Here is another interesting fact that challenges the diametric opposition gender myth.  Women’s scores are catching up to men’s in most Olympic sports.  Olympic organizers might one day have to consider combining men’s and women’s events as a way to cut costs.  It just doesn’t make sense to field two competitions in which the competitors are so evenly matched that they turn in the same scores.  We aren’t quite there yet, but the trend is very disconcerting for Olympic organizers.

Here is a graph showing the difference between men’s and women’s winning times in the Olympic 100 Meter Freestyle Swimming event from 1912 to 2000[4]:

The difference in the winning times of men and women in this event has declined from more than 18 seconds to less than six since 1912.  Although men and women are both improving their times, women are improving faster.  And this is happening in almost every Olympic event.  If physical ability defines difference between genders the difference is getting smaller and smaller.

Col. Des Barker, Commanding Officer Tactical Fighter Defense Command, of the South African Air Force eloquently summarizes the point I’ve been trying to make in this paper in his fascinating article on female fighter pilots:

There's a reason that there are so few male midwives (less than two percent). These are not the primary or best-developed characteristics or instincts that most men have. There are always exceptions, though. There are also very few female fighter pilots, that's a job that requires characteristics that, on average, most men possess more than most women. There are a few women fighter pilots, though, that have distinguished themselves in conflict. Very few women want to be fighter pilots, and very few men want to be midwives. That doesn't mean, though, that those very few outliers can't be good at these jobs. Most probably, those female fighter pilots wouldn't make the best midwives, either.[5]

 

Conclusions:

Men and women are more similar than they are different. 

 

There is more absolute variation between individuals than there is average variation between genders.  In practical terms, gender predicts nothing about the skills or abilities of the next person who walks through your door.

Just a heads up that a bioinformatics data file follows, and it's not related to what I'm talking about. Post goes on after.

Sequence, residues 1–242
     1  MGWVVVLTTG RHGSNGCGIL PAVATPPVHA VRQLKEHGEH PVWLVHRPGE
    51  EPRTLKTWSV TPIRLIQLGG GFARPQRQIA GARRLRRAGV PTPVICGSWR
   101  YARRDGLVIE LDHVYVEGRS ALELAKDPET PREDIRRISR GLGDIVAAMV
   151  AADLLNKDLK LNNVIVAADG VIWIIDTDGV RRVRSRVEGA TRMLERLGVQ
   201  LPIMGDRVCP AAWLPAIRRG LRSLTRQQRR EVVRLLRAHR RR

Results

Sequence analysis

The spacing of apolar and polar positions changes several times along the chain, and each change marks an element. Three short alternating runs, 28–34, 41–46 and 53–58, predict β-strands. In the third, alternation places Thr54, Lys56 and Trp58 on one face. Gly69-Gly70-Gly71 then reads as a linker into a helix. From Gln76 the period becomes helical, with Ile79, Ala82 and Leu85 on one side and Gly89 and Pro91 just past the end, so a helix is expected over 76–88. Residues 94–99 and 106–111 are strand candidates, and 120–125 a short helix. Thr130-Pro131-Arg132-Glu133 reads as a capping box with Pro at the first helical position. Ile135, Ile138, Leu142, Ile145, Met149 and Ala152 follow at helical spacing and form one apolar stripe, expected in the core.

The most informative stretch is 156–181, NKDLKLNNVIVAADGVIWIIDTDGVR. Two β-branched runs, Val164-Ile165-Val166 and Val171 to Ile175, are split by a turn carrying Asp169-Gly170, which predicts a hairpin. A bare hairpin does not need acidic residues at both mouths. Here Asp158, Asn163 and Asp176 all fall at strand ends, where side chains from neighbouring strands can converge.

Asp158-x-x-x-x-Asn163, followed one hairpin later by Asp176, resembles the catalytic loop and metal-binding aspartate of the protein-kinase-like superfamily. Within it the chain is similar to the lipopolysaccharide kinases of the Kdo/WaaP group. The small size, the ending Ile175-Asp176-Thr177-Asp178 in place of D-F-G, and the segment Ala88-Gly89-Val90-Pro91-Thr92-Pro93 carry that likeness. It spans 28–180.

There is a reason that the studies we see every year “proving” a gender difference cost tens of thousands of dollars and require the efforts of highly skilled scientists to create.  Gender differences are so subtle that it takes this level of time, money and effort to detect and measure them.  Differences between the genders, (beyond the physical ones, anyway), simply are not very obvious. 

 

Communication is hard for everyone.  Concentrate on making sure you have a clear idea of what you want to say before you say it, and let someone else maintain the gender score. 

 

Men aren’t from Mars, women aren’t from Venus.  We’re all from Earth.  Get over it.


References



[1] Panel: "Gender Equity" and Civil Rights, Independent Woman’s Forum, http://www.iwf.org/pubs/exfemina/January2000g.shtml

 

 

[2] Morone, Nicky,  Women and Risk, St Martins Press, New York, New York, 1992.

 

 

[3] Peak Performance Online, “Why The Olympic Sex Test Is Outmoded, Unnecessary And Even Harmful, http://www.pponline.co.uk/encyc/0082.htm

 

[5] Women Pilots In Operational Combat, Col Des Barker, Officer Commanding TFDC, SALUT, August-September, 1999, http://www.mil.za/Magazines/SALUT/3women_pilots_in_operational_comb.htm